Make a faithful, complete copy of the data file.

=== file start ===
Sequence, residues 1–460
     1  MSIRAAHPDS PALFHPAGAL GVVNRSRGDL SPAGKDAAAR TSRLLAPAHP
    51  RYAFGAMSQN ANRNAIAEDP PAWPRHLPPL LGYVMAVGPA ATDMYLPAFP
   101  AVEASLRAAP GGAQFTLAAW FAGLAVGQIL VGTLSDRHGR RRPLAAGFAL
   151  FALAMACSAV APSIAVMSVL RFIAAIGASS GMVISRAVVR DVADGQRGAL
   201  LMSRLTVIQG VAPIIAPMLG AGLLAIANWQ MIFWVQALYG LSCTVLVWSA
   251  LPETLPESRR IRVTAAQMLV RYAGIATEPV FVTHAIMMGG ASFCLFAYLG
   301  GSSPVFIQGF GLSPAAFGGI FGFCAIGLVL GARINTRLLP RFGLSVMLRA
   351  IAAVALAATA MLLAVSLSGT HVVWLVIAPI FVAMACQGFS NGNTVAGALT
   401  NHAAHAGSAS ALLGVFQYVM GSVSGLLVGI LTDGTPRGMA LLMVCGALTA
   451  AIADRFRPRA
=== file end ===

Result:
Sequence, residues 1–460
     1  MSIRAAHPDS PALFHPAGAL GVVNRSRGDL SPAGKDAAAR TSRLLAPAHP
    51  RYAFGAMSQN ANRNAIAEDP PAWPRHLPPL LGYVMAVGPA ATDMYLPAFP
   101  AVEASLRAAP GGAQFTLAAW FAGLAVGQIL VGTLSDRHGR RRPLAAGFAL
   151  FALAMACSAV APSIAVMSVL RFIAAIGASS GMVISRAVVR DVADGQRGAL
   201  LMSRLTVIQG VAPIIAPMLG AGLLAIANWQ MIFWVQALYG LSCTVLVWSA
   251  LPETLPESRR IRVTAAQMLV RYAGIATEPV FVTHAIMMGG ASFCLFAYLG
   301  GSSPVFIQGF GLSPAAFGGI FGFCAIGLVL GARINTRLLP RFGLSVMLRA
   351  IAAVALAATA MLLAVSLSGT HVVWLVIAPI FVAMACQGFS NGNTVAGALT
   401  NHAAHAGSAS ALLGVFQYVM GSVSGLLVGI LTDGTPRGMA LLMVCGALTA
   451  AIADRFRPRA